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It’s Time to Communicate
It’s Time to Communicate
Table of Contents
Report Summary
About This Report
Measuring Security Awareness Success
What is Your Single Biggest Challenge
The Importance of Time and Security Awareness
Communication is Critical
Demographics and Additional Information
A Big Thanks
About SANS Security Awareness
2017 Security Awareness Report
Report Summary
Don’t have a lot of time? Then this page is for you. Capitalize on the key findings from the 2017
Security Awareness report - use it to help you achieve success in your awareness program.
During our research for the SANS 2017 Security Awareness report, we uncovered two main drivers
why awareness programs thrive or fail. In addition, we uncovered a surprising key finding.
Time is critical
In last year’s report, we identified lack of resources as a key blocker. This year we narrowed
that down more and discovered that time, not budget, is the critical resource for success.
What does time specifically mean? We define it as the combined effort of people who
contribute to an awareness program, measured as total number of full-time employees
(FTEs). For example, if you have two people each working half time on your awareness
program, combined their efforts are one FTE. Far too many organizations view awareness
as a part-time job, crippling their awareness team’s ability to effectively get things done.
We found the minimum number of FTEs required to change behavior at an organizational
level was 1.4 FTEs, while the most successful awareness programs had at least 2.6 FTEs
dedicated to awareness.
Communication is the most important soft skill
Last year we learned that a lack of soft skills was prevalent in the development of
awareness programs. This year, we’ve defined that as a lack in communication skills. This
includes the ability to effectively communicate to and engage employees, as well as the
ability to effectively communicate to and demonstrate value to leadership.
Women are twice as likely as men
to be dedicated
Surprise Finding!
full-time to security awareness.
Ultimately, we, the security community need to stop blaming employees as the security problem
and start blaming ourselves. It’s up to us to understand what the root causes are in failing to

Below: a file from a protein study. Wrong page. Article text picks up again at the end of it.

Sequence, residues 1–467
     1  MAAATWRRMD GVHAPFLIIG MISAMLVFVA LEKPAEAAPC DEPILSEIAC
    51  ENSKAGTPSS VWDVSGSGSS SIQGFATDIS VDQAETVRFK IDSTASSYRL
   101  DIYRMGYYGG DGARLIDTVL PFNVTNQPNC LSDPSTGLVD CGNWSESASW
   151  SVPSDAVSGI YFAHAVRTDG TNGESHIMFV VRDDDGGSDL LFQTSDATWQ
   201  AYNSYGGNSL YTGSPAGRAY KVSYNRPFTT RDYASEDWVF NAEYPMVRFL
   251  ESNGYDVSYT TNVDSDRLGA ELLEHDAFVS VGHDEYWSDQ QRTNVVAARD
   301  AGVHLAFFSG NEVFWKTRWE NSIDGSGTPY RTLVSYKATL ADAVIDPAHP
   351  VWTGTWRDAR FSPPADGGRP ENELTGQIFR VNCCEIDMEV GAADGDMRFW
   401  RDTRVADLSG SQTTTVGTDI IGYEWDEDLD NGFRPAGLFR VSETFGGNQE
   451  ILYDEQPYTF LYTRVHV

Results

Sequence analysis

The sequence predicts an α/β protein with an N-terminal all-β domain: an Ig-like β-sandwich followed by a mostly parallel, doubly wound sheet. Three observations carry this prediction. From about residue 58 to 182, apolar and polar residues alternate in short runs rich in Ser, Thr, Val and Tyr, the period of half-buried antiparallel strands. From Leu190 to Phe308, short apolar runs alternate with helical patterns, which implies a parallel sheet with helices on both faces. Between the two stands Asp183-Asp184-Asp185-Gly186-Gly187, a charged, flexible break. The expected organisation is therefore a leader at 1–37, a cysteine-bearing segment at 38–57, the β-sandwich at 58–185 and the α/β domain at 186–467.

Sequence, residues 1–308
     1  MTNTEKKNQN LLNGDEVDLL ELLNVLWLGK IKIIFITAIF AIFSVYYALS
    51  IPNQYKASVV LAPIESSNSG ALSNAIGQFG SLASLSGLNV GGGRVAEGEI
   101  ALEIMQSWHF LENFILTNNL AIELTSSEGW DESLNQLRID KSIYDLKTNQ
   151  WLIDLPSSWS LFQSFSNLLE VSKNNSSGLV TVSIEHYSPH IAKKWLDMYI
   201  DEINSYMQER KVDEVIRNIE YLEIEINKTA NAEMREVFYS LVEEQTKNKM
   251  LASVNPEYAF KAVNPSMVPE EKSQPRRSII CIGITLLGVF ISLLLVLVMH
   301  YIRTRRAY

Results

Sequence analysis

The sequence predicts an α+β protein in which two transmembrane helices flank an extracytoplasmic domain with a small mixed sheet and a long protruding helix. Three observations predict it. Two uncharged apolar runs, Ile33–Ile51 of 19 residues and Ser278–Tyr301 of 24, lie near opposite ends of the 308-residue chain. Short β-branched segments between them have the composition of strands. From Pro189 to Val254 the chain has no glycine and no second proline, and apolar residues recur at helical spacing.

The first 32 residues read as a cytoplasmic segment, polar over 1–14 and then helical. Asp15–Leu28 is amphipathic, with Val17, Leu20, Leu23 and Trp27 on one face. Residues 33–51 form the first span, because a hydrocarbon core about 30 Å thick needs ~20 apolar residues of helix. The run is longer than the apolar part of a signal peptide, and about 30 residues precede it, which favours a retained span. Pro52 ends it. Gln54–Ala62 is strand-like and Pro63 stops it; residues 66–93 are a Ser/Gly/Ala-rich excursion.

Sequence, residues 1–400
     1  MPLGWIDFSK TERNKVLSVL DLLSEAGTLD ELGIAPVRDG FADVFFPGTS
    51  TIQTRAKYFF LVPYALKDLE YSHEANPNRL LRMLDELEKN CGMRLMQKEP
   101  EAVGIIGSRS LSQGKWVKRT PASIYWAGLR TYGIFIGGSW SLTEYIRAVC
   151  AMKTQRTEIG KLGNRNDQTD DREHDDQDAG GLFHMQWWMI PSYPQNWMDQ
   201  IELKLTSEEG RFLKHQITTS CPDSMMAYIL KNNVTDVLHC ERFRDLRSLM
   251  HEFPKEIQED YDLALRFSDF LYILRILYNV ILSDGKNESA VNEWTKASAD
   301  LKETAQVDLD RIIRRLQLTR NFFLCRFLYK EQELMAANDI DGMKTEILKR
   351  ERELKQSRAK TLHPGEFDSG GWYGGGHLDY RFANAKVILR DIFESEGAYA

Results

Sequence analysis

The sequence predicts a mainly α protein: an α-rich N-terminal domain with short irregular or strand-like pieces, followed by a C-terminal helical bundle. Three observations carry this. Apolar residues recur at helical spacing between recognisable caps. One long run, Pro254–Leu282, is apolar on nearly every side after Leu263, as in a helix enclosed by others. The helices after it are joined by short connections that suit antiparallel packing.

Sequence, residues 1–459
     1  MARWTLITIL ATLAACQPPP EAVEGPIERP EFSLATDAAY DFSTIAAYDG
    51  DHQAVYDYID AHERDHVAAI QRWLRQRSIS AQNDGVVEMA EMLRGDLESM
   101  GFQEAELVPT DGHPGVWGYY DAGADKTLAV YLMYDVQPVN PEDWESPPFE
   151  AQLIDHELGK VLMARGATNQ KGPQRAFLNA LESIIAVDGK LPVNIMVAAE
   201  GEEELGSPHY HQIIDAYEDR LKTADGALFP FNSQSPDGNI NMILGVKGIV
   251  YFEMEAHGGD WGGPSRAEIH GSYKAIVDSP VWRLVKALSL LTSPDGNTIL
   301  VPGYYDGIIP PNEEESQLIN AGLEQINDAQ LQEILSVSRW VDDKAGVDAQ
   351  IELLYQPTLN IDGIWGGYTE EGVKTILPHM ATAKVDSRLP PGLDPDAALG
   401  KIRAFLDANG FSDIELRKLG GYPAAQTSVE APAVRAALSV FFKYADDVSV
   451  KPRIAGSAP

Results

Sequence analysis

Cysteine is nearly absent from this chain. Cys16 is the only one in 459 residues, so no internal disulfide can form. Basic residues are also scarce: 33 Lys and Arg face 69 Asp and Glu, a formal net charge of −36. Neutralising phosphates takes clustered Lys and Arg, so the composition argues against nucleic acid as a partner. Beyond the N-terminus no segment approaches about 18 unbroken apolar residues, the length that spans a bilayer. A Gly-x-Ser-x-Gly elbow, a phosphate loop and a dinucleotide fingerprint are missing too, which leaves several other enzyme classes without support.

change human behavior and address those issues. The rest of this report is dedicated to doing
just that. We dive deep into the first two points listed above and outline pivotal steps you can
take to address them. Additionally, we give you the opportunity to benchmark your awareness
program against others from research gathered from the community.
2017 Security Awareness Report
About This Report
Overview and Analysis
Before we begin, let’s discuss a bit of background about the third annual SANS Security
Awareness Report. The purpose of this report is to enable security awareness professionals
to make data driven decisions on how to improve their security awareness program and
benchmark their program against other organizations.
To accomplish this, we’ve conducted a global survey of security awareness professionals every
year. Last December, 1,084 qualified people from 58 different countries responded to the survey,
well over twice as many from the previous year. By qualified people we mean professionals who
help build, manage or contribute to their organization’s security awareness program.
This report is based on the results from that survey. If you have any questions or suggestions on
this report, please contact us at
2017 Security Awareness Report
We’d like to recognize several important people that contributed to the creation of this report. The
content that comprises this report was developed by the community and for the community. Check
out the full bio of each of these amazing folks at the end of this report. We’d like to especially
recognize the team from the Kogod Cybersecurity Governance Center at American University’s Kogod
School of Business.
Sahil Bansal
Zoë Bludevich
Senior Manager
Research Assistant
Information Security - Genpact
The Kogod Cybersecurity Governance
Center at American University’s Kogod
Jessica Fernandez
School of Business
InfoSec Communications Consultant
Warner Bros. Entertainment Inc.
Aria Chehreghani
Research Assistant
Mark J. Lucas
The Kogod Cybersecurity Governance
Lead System Administrator
Center at American University’s Kogod
California Institute of Technology
School of Business
Joanna Lyn Grama
Michael Giampiccolo
Director of Cybersecurity and IT GRC
Research Assistant
The Kogod Cybersecurity Governance
Center at American University’s Kogod
School of Business
Valerie M. Vogel
Senior Manager, Cybersecurity Program
Taylor Heywood
Research Assistant
The Kogod Cybersecurity Governance
Ingolf Becker
Center at American University’s Kogod
University College London
School of Business.
Jonathan Homer
Rebekah Lewis
Infrastructure Protection Specialist
Deputy Director
Information Security – Consultant
The Kogod Cybersecurity Governance
Center at American University’s Kogod
School of Business
2017 Security Awareness Report
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